Handbills that stated a Manhattan lodge was “infested with mattress bugs” however then provided one other definition of the pests expressed protected speech and weren’t defamatory in a labor dispute between the lodge’s administration and a painters’ union, a state judge ruled.
Manhattan Supreme Courtroom Justice Richard Braun granted the union’s movement to dismiss The New Yorker Lodge’s grievance for defamation. He stated the handbills handed out by members of District No. 9 of the New York Worldwide Union of Painters and Allied Trades weren’t malicious and expressed opinions which are constitutionally protected.
The handbills have been distributed outdoors the lodge in 2014 at a time when the union and the administration of the New Yorker have been embroiled in a dispute over whether or not unionized painters have been being paid the right prevailing wage.
They said, “NOTICE TO THE PUBLIC” adopted by “THE New Yorker HOTEL—INFESTED WITH BED BUGS.” In considerably smaller sort, however nonetheless in bold-face print, the handbills then stated, “THE WORD BED BUGS IS DEFINED AS ONE WHO SUCKS THE FINANCIAL BLOOD FROM ITS WORKERS” and defined that staff weren’t being paid what they believed have been correct wages. The handbills additionally included pictures or drawings of mattress bugs, Braun’s famous in his Jan. 27 ruling.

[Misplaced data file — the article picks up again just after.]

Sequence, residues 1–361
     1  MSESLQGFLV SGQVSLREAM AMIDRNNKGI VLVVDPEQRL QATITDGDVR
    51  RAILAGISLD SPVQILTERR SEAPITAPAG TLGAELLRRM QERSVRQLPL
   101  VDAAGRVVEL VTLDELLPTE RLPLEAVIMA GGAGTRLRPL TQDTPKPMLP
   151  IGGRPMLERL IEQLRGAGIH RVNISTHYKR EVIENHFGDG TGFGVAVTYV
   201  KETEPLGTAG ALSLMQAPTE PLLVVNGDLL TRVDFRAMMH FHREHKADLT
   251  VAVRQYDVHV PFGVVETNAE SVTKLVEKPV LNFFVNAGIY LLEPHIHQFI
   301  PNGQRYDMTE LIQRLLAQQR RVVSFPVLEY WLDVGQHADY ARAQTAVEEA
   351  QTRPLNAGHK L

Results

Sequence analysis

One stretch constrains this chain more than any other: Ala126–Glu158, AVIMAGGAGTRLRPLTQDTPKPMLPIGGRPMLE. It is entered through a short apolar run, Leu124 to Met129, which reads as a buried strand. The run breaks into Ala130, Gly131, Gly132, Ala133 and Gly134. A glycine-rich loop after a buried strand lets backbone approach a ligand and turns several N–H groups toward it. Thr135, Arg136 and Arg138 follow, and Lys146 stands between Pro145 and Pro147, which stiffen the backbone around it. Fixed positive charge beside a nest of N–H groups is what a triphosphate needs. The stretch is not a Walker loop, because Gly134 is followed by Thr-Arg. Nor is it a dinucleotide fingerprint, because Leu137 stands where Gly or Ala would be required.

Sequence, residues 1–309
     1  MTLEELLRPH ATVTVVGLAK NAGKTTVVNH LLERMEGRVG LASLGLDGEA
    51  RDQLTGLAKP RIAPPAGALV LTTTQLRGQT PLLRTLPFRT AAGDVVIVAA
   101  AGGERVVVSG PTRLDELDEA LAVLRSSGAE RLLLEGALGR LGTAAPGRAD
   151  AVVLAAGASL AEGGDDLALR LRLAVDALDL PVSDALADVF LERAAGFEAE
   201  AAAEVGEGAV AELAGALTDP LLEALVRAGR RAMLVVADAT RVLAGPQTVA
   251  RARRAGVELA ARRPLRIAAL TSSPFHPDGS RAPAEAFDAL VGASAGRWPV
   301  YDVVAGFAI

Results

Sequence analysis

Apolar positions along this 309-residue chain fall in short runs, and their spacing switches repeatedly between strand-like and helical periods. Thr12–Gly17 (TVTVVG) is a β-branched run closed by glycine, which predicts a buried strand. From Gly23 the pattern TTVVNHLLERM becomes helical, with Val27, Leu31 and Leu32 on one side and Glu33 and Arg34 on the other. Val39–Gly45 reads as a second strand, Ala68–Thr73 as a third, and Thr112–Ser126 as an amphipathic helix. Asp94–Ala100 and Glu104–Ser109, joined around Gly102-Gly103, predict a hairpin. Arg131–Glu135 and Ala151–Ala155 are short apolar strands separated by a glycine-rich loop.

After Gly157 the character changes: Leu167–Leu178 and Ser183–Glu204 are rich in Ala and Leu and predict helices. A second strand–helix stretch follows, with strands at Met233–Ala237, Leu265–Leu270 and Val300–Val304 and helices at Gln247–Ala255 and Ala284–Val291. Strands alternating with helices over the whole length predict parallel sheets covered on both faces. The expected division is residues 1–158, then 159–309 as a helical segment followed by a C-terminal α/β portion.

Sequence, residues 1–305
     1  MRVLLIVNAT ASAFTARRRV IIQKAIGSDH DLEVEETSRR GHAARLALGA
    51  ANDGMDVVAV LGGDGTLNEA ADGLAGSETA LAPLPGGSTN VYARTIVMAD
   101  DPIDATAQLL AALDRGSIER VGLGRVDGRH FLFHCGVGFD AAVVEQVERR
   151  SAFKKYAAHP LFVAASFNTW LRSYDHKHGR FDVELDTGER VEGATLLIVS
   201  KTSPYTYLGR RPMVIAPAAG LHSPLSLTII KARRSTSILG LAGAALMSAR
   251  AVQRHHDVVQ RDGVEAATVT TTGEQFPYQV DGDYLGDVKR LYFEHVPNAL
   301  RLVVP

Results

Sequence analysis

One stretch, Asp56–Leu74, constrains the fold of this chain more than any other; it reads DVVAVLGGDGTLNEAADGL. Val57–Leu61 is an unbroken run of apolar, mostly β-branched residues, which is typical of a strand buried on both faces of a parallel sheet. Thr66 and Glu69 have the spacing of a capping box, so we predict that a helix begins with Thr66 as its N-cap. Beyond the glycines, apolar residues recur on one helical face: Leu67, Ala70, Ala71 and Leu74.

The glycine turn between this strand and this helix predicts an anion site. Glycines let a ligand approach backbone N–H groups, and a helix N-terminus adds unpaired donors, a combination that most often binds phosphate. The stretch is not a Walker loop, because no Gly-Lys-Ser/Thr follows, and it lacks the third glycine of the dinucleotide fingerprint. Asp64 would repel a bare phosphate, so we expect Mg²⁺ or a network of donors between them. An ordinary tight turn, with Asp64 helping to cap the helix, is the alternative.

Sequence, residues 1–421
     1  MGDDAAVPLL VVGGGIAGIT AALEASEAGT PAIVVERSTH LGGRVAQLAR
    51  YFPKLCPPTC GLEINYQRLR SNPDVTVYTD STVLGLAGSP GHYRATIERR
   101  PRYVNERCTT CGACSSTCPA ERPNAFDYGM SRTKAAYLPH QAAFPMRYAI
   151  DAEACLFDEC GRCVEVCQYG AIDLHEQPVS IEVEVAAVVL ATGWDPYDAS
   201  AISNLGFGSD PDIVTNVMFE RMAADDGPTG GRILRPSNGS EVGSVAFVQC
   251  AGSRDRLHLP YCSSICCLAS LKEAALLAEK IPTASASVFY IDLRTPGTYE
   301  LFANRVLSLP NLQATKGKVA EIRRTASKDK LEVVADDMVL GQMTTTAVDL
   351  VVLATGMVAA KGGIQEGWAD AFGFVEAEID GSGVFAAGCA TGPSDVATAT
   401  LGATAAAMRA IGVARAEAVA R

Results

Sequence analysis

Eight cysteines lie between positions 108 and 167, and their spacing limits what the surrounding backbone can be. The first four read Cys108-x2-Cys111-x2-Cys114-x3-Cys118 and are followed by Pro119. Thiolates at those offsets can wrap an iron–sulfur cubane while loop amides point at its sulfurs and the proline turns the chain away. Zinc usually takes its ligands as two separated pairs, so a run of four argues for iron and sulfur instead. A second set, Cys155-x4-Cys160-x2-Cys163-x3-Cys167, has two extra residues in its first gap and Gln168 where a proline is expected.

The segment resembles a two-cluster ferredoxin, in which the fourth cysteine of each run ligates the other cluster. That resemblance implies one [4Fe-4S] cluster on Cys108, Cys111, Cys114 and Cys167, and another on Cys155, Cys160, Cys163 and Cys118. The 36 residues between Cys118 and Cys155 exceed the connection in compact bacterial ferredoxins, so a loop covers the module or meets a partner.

He wrote in New Yorker Lodge Administration v. District Council No. 9 New York IUPAT, 158878/2014, that unions have a sure latitude beneath federal and state regulation and courtroom precedents to make use of “intemperate, abusive or insulting language” whereas engaged in labor disputes with administration.
District Council No. 9 was doing simply that with its handbills, he stated.
“The handbills right here can’t be understood to incorporate a defamatory falsehood, however merely the kind of excessive rhetoric typically related to labor disputes,” Braun wrote, citing the U.S. Supreme Courtroom’s ruling in Previous Dominion Department No. 496, Nationwide Affiliation of Letter Carriers v. Austin, 418 U.S. 283 (1974).
“The truth that defendant was making an attempt to strain plaintiff and painting it in a unfavorable mild with respect to its labor practices doesn’t imply defendant was appearing maliciously as that time period applies to expression in labor disputes.”
The decide added that, “The rights of a union to talk freely on behalf of its staff have to be upheld so long as the speech is non-defamatory. Freedom of speech, meeting, the press, and faith are essential bulwarks of a very democratic society.”
Michael Volpe, a associate at Venable in Manhattan, and head of its labor and employment follow group, and Venable counsel Nicholas Reiter represented The New Yorker Lodge.
Steven Kern and Lauren Kugielska, attorneys at Barnes, Iaccarino & Shepherd in Elmsford, argued for District Council No. 9.